China’s property market has surged in recent years. After prices jumped 25 per cent in 2009 alone, the central government imposed austerity measures, including lending curbs, higher mortgage rates and restrictions on the number of homes each family can buy.
Guangzhou developers must submit new home prices to city for approval
City tells developers to ensure price rises for new projects do not exceed disposable income growth amid efforts to rein in booming market
Developers in Guangzhou must submit proposed home prices to the government for approval from today, after prices in the city gained the most on the mainland year on year last month.
To try to contain the fast growth in home prices, Guangzhou's Municipal Land Resources and Housing Administrative Bureau ordered developers and property agents to submit pricing for all new projects for scrutiny.
Ellis Wong, general manager at property agency Centaline China's Guangzhou branch, said: "The move sent a signal to developers not to sell their new projects at prices that are too high."
He said the local government rolled out earlier national measures indicating that price rises should not exceed the growth rate of disposal income per capita, for which market forecasts are about 8 per cent this year.
Market watchers believe developers may face difficulty in securing consent for presales if they fail to follow the government's guidance on pricing.
Guangzhou is the second mainland city, after Beijing, to restrict prices for new homes after the State Council announced fresh property curbs last month to try to cool the market.
New home prices in Guangzhou jumped almost 35 per cent year on year to an average cost per square metre of 16,817 yuan (HK$20,915) last month, while the number of transactions surged 50 per cent to 7,131.
Wong attributed the big jump in prices to panic buying before the April 1 deadline for the strict enforcement of a 20 per cent capital gains tax on property.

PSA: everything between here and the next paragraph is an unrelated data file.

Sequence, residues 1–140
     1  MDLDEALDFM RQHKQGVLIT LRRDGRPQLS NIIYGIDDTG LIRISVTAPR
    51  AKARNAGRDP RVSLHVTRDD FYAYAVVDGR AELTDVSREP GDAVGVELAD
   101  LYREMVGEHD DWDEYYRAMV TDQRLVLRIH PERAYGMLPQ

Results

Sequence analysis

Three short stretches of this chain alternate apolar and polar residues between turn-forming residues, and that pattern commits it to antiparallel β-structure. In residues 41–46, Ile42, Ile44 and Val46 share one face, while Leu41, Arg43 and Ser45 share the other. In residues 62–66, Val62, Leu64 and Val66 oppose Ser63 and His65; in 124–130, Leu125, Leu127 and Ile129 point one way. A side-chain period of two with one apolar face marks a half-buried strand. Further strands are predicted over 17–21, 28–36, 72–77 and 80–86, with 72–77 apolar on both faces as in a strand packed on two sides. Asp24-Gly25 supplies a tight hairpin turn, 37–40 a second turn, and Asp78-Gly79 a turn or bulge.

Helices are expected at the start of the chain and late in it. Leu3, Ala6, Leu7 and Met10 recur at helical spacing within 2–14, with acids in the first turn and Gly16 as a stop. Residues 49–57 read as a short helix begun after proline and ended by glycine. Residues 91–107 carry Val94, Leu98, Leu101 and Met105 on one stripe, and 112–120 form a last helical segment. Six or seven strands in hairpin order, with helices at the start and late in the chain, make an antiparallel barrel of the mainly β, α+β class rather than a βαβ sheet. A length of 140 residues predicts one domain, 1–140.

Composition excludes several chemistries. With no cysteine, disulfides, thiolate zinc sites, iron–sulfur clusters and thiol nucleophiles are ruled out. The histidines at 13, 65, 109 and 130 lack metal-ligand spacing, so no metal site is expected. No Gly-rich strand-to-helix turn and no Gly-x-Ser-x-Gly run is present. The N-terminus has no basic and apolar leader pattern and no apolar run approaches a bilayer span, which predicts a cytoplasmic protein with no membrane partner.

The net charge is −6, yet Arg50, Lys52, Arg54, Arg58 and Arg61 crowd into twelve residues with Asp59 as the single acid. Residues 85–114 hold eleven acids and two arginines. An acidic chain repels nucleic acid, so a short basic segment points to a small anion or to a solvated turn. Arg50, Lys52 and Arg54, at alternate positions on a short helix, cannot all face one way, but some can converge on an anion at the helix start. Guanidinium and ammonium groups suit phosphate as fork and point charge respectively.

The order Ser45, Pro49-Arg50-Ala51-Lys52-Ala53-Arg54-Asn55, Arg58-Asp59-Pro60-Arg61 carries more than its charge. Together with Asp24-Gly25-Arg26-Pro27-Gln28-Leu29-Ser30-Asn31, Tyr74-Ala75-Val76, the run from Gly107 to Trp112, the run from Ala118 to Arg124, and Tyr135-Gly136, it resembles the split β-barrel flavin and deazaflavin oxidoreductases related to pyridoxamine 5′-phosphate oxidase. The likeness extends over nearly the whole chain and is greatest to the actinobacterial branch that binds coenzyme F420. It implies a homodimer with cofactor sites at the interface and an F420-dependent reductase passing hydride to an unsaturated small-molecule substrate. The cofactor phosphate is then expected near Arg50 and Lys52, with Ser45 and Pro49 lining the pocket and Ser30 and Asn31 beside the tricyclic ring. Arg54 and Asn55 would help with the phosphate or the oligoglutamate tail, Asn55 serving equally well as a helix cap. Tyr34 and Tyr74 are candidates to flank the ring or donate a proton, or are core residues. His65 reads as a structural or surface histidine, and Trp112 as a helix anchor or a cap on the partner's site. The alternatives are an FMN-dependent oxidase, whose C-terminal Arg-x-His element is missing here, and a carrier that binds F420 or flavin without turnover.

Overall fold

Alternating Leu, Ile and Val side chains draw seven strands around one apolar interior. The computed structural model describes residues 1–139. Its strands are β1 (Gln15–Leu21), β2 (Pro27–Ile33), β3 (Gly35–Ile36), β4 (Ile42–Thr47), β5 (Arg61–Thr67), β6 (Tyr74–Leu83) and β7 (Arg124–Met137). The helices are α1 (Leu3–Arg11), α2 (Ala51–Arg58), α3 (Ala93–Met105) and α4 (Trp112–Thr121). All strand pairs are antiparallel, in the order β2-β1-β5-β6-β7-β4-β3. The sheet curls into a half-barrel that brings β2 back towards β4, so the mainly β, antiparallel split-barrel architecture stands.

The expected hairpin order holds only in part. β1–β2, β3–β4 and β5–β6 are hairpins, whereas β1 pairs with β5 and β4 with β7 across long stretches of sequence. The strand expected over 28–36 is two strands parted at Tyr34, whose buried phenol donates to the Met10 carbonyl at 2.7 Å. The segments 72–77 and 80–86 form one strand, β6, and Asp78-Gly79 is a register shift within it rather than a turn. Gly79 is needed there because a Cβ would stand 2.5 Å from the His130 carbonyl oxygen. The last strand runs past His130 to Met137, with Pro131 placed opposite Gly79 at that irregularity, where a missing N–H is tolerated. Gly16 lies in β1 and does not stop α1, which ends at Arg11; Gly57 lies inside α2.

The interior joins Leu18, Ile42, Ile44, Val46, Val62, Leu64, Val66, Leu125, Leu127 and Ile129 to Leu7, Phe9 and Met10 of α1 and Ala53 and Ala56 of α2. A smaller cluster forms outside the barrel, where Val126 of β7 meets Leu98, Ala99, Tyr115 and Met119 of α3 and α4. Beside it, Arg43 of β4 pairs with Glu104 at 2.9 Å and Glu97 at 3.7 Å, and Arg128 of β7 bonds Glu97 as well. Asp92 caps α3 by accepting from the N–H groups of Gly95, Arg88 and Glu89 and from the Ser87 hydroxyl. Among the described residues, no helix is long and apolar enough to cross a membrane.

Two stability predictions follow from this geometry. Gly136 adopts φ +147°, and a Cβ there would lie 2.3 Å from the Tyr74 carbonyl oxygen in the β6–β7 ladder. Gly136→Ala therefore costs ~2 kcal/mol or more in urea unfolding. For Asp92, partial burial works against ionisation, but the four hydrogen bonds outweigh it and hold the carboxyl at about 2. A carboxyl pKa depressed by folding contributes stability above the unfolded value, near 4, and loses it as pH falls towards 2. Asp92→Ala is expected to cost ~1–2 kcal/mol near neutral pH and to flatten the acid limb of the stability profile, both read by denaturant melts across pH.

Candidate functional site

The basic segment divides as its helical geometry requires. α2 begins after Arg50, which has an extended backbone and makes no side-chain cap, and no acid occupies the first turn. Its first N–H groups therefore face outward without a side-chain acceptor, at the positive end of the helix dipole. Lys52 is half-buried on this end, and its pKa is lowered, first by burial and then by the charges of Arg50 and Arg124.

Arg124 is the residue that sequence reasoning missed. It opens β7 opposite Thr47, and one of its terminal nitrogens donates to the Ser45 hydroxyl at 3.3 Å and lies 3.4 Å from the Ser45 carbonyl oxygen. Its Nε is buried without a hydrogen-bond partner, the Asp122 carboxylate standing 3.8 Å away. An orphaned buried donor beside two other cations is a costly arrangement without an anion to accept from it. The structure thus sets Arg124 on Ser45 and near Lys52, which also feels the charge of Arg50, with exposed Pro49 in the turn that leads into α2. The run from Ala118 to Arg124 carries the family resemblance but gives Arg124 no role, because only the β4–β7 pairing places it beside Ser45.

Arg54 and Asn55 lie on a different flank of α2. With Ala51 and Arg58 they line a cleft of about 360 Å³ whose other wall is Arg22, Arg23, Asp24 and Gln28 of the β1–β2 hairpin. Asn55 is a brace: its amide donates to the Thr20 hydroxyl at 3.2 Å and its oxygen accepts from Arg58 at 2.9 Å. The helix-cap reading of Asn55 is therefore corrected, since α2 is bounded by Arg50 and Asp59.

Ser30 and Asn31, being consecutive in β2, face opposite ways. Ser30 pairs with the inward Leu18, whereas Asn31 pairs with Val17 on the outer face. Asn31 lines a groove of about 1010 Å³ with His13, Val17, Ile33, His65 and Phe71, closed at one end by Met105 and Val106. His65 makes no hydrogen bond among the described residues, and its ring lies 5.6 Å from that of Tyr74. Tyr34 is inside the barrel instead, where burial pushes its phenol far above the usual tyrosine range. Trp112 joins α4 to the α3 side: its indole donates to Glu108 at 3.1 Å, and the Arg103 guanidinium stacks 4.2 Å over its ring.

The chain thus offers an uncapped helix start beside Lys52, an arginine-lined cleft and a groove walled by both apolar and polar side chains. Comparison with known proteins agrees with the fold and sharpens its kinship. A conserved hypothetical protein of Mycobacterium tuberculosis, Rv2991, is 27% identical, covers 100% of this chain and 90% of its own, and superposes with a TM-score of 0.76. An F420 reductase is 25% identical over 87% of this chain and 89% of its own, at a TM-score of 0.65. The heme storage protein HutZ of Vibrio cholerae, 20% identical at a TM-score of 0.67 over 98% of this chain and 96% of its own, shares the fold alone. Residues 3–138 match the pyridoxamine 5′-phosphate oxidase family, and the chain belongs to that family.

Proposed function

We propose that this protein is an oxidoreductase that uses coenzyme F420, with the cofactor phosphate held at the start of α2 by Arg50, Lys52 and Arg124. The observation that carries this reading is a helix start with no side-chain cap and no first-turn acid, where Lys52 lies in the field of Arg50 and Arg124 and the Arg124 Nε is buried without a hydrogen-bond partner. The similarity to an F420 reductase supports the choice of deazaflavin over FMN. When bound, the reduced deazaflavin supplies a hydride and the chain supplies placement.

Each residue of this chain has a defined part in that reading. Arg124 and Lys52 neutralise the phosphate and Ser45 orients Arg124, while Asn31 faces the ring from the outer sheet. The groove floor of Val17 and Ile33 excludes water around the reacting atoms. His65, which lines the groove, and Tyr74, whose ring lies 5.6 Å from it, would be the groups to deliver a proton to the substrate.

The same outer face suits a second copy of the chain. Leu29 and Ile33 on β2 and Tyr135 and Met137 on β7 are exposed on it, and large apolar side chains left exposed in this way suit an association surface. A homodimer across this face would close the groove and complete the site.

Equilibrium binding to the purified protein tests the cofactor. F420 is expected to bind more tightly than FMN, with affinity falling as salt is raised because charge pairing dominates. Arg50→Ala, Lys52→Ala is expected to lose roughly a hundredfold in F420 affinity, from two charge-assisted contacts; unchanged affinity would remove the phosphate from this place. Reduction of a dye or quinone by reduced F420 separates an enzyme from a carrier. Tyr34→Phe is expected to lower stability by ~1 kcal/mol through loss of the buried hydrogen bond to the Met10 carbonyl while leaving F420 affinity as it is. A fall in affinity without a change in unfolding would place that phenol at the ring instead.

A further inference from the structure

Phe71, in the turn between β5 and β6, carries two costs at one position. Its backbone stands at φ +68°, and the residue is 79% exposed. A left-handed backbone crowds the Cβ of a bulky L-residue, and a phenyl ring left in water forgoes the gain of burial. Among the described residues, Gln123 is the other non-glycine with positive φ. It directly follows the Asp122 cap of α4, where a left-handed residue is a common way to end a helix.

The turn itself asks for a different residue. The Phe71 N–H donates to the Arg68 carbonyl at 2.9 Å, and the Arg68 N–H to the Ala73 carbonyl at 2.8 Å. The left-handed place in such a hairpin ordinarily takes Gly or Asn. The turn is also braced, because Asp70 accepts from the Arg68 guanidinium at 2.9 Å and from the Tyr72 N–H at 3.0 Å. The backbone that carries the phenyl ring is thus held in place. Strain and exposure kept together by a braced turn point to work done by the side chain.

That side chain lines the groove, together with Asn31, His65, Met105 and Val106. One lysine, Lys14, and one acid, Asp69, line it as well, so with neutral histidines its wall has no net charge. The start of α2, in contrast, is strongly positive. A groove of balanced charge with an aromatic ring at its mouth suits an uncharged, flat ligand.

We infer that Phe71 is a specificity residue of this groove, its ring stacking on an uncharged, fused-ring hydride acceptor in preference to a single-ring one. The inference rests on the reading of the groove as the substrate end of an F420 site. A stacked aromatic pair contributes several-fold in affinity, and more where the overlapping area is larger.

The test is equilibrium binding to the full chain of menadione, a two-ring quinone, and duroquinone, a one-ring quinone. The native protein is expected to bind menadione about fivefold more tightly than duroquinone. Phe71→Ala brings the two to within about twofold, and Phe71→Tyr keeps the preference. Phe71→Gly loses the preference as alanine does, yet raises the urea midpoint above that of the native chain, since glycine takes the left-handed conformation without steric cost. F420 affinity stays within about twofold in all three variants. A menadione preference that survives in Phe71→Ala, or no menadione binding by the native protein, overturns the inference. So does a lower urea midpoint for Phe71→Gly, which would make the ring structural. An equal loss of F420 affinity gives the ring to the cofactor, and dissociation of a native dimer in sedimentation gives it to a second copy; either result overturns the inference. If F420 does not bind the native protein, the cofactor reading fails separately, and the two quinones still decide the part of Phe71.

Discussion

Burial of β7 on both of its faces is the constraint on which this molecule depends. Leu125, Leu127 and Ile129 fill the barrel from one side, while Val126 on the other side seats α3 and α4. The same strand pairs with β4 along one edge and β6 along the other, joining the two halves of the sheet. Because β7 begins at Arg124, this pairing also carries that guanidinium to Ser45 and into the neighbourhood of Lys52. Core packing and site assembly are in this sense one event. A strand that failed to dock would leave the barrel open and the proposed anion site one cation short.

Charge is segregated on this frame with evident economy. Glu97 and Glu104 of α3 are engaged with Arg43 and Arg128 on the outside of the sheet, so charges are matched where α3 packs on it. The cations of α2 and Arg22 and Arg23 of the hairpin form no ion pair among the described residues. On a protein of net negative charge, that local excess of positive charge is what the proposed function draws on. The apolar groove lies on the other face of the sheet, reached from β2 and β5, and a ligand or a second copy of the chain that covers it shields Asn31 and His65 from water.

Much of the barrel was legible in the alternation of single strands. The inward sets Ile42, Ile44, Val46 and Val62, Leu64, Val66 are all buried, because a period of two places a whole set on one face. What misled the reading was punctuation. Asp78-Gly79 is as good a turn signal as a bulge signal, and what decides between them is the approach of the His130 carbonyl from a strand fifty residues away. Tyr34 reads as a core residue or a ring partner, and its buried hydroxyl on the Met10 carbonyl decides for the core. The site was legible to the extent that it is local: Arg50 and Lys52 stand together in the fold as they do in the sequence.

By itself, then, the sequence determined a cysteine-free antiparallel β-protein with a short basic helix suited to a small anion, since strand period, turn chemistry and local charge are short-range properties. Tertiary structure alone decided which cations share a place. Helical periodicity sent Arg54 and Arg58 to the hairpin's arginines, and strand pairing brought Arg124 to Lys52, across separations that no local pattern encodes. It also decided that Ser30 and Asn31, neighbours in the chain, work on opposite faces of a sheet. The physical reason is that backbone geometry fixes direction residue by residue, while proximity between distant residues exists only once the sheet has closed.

"Home seekers did not mind paying higher prices, as they wanted to buy before the deadline," he said.
Wong said developers would become cautious when launching their new projects, for fear of tougher rules to be introduced to contain price growth.
"We will have a clearer picture of developers' pricing strategies next month, as many projects will come on the market in the coming 'golden week' Labour Day holidays," he said.
Alan Chiang Sheung-lai, the head of mainland residential property at the consultancy DTZ, said home prices in Guangzhou still lagged behind those in Shenzhen, where they had reached 40,000 to 50,000 yuan per square metre.
"It is too early to make a forecast for home prices, as we need to observe how the new rule affects the market outlook," he said.
Shares of mainland developers fell across the board in Hong Kong yesterday. Guangzhou R&F Properties dropped 3.46 per cent to HK$13.90; Country Garden fell 2.55 per cent to HK$4.19; Agile Properties fell 0.99 per cent to HK$10, and China Overseas Land & Investment was down 2.55 per cent to HK$22.90. The Hang Seng Index fell 1.08 per cent to 21,806.61 points.